February 26, 2021 Find out more June 13, 2014 – Updated on January 20, 2016 Government closes two news media, police attack journalists YemenMiddle East – North Africa Follow the news on Yemen News News United Nations: press freedom situation “deeply worrying” in Yemen, according to RSF February 11, 2021 Find out more RSF_en YemenMiddle East – North Africa to go further Yemeni journalist killed, nine wounded in Aden airport explosions News Receive email alerts Two news media owned by former President Ali Abdallah Saleh that have a reputation for tendentious news reporting – Al-Yemen Al-Youm TV and the Al-Yemen Al-Youm newspaper – were raided and closed on 11 June by members of the presidential guard.Sultan Al-Barakani, the deputy general-secretary of the ruling General People’s Congress told Agence France-Presse that “President Abd Rabbo Mansour Hadi took the decision to close them with the cabinet’s approval. The GPC is also the former former president’s party.” “Presidential Guard forces closed the headquarters of the TV station and the newspaper and seized their equipment,” Barakani added.The government newspaper Al-Thawra (The Revolution) said: “Al-Yemen Al-Youm incited hatred and violence and jeopardized social peace, thereby constituting a threat to the state’s security and stability.” It added: “The communication ministry never issued a licence to Al-Yemen Al-Youm TV and the station’s management never bothered to request once. And they continued to behave in the same way after the former president’s removal.”The closures come at a time of mounting social tension resulting from water and electricity outages and fuel shortages that have been paralyzing Sanaa and prompting repeated demonstrations in recent days.About 1,000 people took part in the latest demonstration on 11 June. President Hadi announced a cabinet reshuffle the same day.“We urge the authorities to immediately and unconditionally end the arbitrary closure of these media,” Reporters Without Borders said. “Media may not, under any circumstances, be closed as a result of just a political decision. At the same time, media and journalists must demonstrate independence and professionalism, play a watchdog role and avoid fuelling political tension and disputes.”RWB added: “We are also very worried about police violence against journalists, especially when they are covering demonstrations. We point out that the UN Human Rights Council adopted a resolution on 28 March recognizing the importance of the role that journalists play by covering protests. The authorities are responsible for guaranteeing journalists’ safety.”For no apparent reason, members of the security forces attacked Sky News correspondent Mohamed Al-Kadhi, smashing his equipment, while he was doing a report on the month of Ramada on 12 June.Riot police used teargas and live rounds to disperse journalists who were demonstrating outside the “14 October” printing press in Aden in 7 June in protest against the manager’s alleged corruption. The police also targeted journalists who were there just to cover the protest. According to Marwan Al-Janzir, the head of the Aden branch of the Journalists’ Union, and Workers’ Union general secretary Nawfel Rajah, 15 journalists and 20 employees of the printing press were beaten and threatened at gunpoint by riot police before being forced to leave. One journalist, Hani Al-Mohtadi, was detained for an hour.Police threatened and attacked TV cameramen who were in the Aser district of the capital on 4 June to cover a demonstration demanding an end it the war in Amran, the governorate to the north of Sanaa governorate. Al-Jazeera Musbasher’s Mansour Allaw, Sky News Arabia’s Mohamed Sallama and Al-Arabiya’s Abdullah Al-Sofi were all beaten by police and forbidden to cover the demonstration. Organisation Help by sharing this information Fixer for foreign reporters held in Aden for past five months News January 6, 2021 Find out more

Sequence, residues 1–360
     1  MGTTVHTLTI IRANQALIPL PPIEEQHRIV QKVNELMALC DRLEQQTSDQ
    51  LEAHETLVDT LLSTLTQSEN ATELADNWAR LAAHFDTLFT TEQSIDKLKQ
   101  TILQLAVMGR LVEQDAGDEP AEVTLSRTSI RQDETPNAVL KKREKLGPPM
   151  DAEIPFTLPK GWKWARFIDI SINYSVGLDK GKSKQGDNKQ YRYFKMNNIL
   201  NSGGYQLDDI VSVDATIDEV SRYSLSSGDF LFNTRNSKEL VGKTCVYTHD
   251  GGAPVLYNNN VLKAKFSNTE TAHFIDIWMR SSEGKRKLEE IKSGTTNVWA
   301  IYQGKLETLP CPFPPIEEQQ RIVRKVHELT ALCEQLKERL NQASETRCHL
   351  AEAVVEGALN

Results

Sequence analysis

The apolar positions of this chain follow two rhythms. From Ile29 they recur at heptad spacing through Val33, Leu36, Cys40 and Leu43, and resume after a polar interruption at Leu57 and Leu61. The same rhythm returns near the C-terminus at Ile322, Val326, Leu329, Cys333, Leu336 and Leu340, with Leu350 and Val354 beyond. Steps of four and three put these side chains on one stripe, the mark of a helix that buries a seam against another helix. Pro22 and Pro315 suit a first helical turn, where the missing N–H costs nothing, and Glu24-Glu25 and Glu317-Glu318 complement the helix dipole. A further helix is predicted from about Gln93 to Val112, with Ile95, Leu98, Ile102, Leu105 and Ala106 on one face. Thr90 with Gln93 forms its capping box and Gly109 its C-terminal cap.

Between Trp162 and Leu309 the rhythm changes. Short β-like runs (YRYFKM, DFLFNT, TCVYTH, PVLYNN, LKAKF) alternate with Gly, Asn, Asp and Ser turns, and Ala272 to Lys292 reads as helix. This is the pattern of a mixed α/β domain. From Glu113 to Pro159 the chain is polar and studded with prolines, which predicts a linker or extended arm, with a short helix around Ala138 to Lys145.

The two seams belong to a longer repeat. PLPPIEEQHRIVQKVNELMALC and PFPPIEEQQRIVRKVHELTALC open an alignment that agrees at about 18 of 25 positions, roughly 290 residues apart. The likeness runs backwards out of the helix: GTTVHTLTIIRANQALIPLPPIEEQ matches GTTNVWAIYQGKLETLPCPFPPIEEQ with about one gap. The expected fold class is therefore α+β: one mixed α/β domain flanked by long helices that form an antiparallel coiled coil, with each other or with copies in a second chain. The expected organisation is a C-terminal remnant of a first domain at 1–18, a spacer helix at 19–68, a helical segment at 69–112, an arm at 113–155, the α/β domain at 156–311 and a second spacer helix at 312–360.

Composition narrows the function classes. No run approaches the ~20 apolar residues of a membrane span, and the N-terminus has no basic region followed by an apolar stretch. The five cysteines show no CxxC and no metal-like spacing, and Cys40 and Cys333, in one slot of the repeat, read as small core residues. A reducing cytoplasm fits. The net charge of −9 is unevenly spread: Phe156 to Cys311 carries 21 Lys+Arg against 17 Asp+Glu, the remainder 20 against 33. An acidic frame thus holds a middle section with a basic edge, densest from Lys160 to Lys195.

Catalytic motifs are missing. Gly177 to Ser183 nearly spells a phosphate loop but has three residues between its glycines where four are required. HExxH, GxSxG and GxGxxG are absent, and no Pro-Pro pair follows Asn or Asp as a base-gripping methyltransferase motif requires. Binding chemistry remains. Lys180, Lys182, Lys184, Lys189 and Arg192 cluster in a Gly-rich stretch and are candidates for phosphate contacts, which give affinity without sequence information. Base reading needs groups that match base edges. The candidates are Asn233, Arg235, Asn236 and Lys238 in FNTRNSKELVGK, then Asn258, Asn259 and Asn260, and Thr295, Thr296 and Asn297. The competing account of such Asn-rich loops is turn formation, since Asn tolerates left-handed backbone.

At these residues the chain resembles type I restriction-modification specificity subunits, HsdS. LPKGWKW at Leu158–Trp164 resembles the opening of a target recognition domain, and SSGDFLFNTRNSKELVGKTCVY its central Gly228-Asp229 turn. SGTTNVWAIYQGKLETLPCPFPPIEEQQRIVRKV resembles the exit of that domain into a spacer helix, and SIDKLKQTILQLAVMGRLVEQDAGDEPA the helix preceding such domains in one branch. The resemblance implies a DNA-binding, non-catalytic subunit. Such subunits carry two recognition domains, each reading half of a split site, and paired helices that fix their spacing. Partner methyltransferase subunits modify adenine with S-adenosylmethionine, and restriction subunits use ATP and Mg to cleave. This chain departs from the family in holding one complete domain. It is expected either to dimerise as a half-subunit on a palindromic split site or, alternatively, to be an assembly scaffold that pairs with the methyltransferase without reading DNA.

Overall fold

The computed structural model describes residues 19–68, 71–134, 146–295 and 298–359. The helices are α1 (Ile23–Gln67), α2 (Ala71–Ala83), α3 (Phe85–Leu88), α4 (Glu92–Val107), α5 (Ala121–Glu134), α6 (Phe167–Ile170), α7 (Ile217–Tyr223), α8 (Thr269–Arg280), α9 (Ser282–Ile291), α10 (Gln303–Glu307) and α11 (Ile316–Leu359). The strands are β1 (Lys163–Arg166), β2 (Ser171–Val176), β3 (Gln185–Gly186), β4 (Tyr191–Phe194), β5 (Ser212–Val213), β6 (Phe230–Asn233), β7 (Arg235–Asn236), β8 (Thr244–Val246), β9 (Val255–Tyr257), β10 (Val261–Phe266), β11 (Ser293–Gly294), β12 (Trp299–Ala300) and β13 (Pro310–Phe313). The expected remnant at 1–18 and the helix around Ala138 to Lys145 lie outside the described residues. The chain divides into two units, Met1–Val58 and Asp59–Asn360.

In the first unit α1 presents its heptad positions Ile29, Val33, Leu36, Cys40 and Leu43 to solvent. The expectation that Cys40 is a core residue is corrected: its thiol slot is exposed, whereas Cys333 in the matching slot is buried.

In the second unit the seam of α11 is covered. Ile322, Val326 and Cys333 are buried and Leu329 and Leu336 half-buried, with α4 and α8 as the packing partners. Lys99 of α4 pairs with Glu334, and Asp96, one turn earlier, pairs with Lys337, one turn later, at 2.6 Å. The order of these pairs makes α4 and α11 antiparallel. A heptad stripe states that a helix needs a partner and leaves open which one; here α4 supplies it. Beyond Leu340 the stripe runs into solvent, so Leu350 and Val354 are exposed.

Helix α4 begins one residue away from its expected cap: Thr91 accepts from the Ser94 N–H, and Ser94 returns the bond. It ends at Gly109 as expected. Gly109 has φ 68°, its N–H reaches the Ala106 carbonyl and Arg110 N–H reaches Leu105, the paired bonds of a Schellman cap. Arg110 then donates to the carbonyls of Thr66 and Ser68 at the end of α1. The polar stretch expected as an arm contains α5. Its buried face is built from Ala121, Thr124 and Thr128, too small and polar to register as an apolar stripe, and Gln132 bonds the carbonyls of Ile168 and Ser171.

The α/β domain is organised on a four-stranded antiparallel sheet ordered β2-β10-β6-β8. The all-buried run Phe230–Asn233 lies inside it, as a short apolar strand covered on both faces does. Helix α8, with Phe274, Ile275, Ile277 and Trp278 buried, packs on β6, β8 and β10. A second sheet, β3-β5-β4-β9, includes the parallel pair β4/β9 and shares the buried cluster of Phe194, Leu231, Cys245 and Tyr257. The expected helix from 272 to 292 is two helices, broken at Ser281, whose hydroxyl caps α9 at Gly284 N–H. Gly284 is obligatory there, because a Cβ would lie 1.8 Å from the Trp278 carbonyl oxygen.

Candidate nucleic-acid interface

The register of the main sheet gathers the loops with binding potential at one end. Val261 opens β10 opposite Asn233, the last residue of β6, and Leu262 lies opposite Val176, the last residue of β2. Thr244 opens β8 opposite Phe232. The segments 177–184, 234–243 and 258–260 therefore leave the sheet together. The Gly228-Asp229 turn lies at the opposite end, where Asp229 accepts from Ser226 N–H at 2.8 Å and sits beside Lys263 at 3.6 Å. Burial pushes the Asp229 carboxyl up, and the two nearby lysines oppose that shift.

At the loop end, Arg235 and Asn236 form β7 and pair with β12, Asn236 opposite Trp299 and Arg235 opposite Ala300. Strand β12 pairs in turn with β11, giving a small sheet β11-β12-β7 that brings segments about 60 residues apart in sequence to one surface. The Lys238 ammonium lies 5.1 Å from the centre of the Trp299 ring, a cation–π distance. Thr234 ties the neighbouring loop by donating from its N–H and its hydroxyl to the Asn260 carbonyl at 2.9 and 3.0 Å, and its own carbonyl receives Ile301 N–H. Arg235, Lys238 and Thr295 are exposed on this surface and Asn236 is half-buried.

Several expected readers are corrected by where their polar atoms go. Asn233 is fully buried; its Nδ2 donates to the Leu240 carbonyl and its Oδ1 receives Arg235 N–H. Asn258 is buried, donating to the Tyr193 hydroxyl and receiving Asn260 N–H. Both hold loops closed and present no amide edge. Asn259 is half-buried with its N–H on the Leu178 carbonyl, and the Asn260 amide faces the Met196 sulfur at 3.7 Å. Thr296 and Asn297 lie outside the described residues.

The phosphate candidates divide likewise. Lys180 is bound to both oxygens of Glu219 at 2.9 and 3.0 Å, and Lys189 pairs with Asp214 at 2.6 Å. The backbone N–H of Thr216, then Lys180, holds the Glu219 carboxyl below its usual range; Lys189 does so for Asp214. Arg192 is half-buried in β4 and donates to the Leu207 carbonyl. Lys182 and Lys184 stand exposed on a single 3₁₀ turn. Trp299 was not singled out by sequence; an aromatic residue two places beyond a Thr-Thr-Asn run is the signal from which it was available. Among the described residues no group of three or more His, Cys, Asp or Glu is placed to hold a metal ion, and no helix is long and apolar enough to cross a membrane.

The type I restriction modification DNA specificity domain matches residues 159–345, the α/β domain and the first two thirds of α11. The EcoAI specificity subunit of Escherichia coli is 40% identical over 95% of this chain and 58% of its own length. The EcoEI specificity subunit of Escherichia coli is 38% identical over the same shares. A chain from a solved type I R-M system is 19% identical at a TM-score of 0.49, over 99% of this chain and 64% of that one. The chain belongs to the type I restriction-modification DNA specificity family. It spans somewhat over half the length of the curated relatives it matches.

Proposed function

President Trump said at his daily coronavirus briefing Sunday that he hoped to reach an agreement for additional funding on Monday. Sen. Marco Rubio (R-Fla.), chairman of the committee overseeing small businesses, addressed the criticism Monday morning on CNBC, saying that hotels and restaurants are some of the first and hardest hit companies and that many of their locations are owned by true small businesses or individuals.But he said that there have been “some people approved, some companies, that I believe should not have been, even under the intent of the law, and that comes down to the certification process and how they were certified into the system.” Some critics point out that executives at larger chains often receive multimillion-dollar annual compensation packages. Other chains, such as Marriott and Hilton, have been criticized for inflating the value of their shares in recent years with share buybacks and dividend payments that left less cash on hand to pay workers once the pandemic hit.Some chains, including those big hoteliers, have since cut executive pay and paused buybacks and dividends. Hilton said it is not seeking support from the Treasury Department. Mnuchin has called the PPP a success, saying in a statement Friday that the program provided funding to more than 1.6 million small businesses in all 50 states. Sen. Rick Scott (R-Fla.) criticized the program, saying that “companies that are not being harmed at all by the coronavirus crisis have the ability to receive taxpayer-funded loans that can be forgiven.” Sign up for our Coronavirus Updates newsletter to track the outbreak. All stories linked in the newsletter are free to access. FOOTNOTE: Erica Werner contributed to this report. “Late last week, when it was announced that funding for the PPP had been exhausted, businesses across the country were understandably up in arms,” the two wrote in a letter posted online. “If this act were written for small businesses, how is it possible that so many independent restaurants whose employees needed just as much help were unable to receive funding?” In all, more than 70 publicly traded companies have reported receiving money from the program, according to filings with the Securities and Exchange Commission. White House, GOP Face Heat After Hotel And Restaurant Chains Helped Run Small Business Program Dry “We now know that the first phase of the PPP was underfunded, and many who need it most, haven’t gotten any assistance.”Treasury Secretary Steven Mnuchin, who has tried to defend the program in recent days, wrote on Twitter that he was “glad to see” Shake Shack return the money. With millions of unemployed, hotel industry lobbies to spend stimulus on other needs But after intensive lobbying by the restaurant and hotel industries during the weeks leading to the passage of the $2 trillion Cares Act economic stimulus package, Congress allowed separate subsidiaries and locations to apply as businesses, even if they were part of a national or international chain. Transparency of the small business spending has also become a paramount issue, as the legislation does not require the Small Business Administration to disclose the recipients, even though the agency typically discloses the name, address and executives for loans received. Ruth’s Chris Steak House, a chain that has 150 locations and is valued at $250 million, reported receiving $20 million in funding from the small business portion of the economic stimulus legislation called the Paycheck Protection Program. The Potbelly chain of sandwich shops, which has more than 400 locations and a value of $89 million, reported receiving $10 million last week.Shake Shack, a $1.6 billion burger-and-fries chain based in New York City, received $10 million. After complaints from small business advocates after the fund went dry, company founder Danny Meyer and chief executive Randy Garutti announced Sunday evening that they would return the money. April 20, 2020 at 9:37 a.m. CDT “I think we are getting close to a deal,” he said. Leading congressional Democrats are pressing the Trump administration to provide more data about how the money is being distributed. As the program ran out of money, however, leaving thousands of small businesses without money to pay their workers, criticism mounted about some of the money going to national brands.The initial PPP “was flawed from top to bottom,” said Florida small business owners Duncan and Rita MacDonald-Korth. “The program has done very little to help genuine small businesses and instead has benefited large companies who have used subsidiary entities to benefit disproportionately and unfairly.” Ruth’s Chris, a steakhouse chain based in New Orleans, sought the stimulus money so that the company would be “well-positioned to emerge from this situation a strong and viable entity,” it said in a statement to the Wall Street Journal. “The vast majority of these loans — 74 percent of them — were for under $150,000, demonstrating the accessibility of this program to even the smallest of small businesses,” Mnuchin said. He told CNN on Sunday that an additional $300 billion “should be sufficient to reach almost everybody.” Executives at some chains have defended the PPP the way it is written, saying that the size of the parent company matters little because most of the money is required to go to workers, as a minimum of three-quarters of each loan must go to payroll in order for the government to forgive the debt.“Employees don’t care if we’re big or we’re a small business. They just want their job back,” said Jon E. Bortz, founder, and chief executive of Bethesda-based Pebblebrook Hotel Trust and board chairman for the American Hotel and Lodging Association, the industry’s top lobbying group. AHLA has also argued that hotel owners should not have to spend three-quarters of stimulus funding on the payroll. The federal government gave national hotel and restaurant chains millions of dollars in grants before the $349 billion programs ran out of moneyThursday, leading to a backlash that prompted one company to give the money back and a Republican senator to say that “millions of dollars are being wasted.” In their letter, the Shake Shack executives said they were trying to do the best they could for their employees under the rules created by the government, but they acknowledged that other businesses could use the money more than they could. Some of the companies receiving money are clients of JPMorgan Chase, adding fuel to criticism that Wall Street banks had helped their clients obtain large amounts. The bank put out a statement Sunday saying that it is “proud to have secured more funding for small businesses than anyone else in the industry” and that 80 percent of its PPP loans have been for businesses with less than $5 million in revenue. The couple created a petition asking that the program be limited to companies with fewer than 250 employees and that half of it be reserved for those with 50 employees or fewer. Thousands of traditional small businesses were unable to get funding from the program before it ran dry. As Congress and the White House near a deal to add an additional $310 billion to the program, some are calling for additional oversight and rule changes to prevent bigger chains from accepting any more money. Trump administration, congressional leaders near deal on virus aid that includes a major boost for small businesses “Our people would benefit from a $10 million PPP loan but we’re fortunate to now have access to capital that others do not. Until every restaurant that needs it has had the same opportunity to receive assistance, we’re returning ours,” they wrote. “I am concerned that many businesses with thousands of employees have found loopholes to qualify for these loans meant for small businesses,” Scott said. “Unfortunately, when it comes to the PPP, millions of dollars are being wasted. Thus multiple Ruth’s Chris locations could apply under separate entities even though the parent company employed about 5,740 people at the end of last year, according to public filings. Other industries and advocates lobbied against affiliation rules as well, including the private equity industry.Hotels, with three-quarters of their rooms empty and nearly 4 million people out of work, have been taking advantage of the program. Philadelphia’s Hersha Hospitality Trust and Condor Hospitality Trust, a Maryland-based owner of 15 hotels in eight states, reported last week that they had applied for loans. Senate Minority Leader Charles E. Schumer (D-N.Y.), along with Sens. Ben Cardin (D-Md.), Jeanne Shaheen (D-N.H.) and Ron Wyden (D-Ore.), wrote to Mnuchin and Small Business Administration Administrator Jovita Carranza on Friday asking that PPP be replenished. They said they had no idea that the program would run out of money so quickly and that they understood the uproar. JPMorgan explained that larger companies may have been served more quickly because its commercial banking unit, which serves larger clients, was able to complete “most of the applications it received” while many more applications poured in from traditional small businesses.The PPP program was intended to benefit workers at businesses and nonprofit employers with fewer than 500 employees that are unable to obtain credit elsewhere, according to the Small Business Act, which formed the basis for the program. With program out of money, backlash prompts executives at Shake Shack to return a $10 million loan.By Jonathan O’Connell FacebookTwitterCopy LinkEmail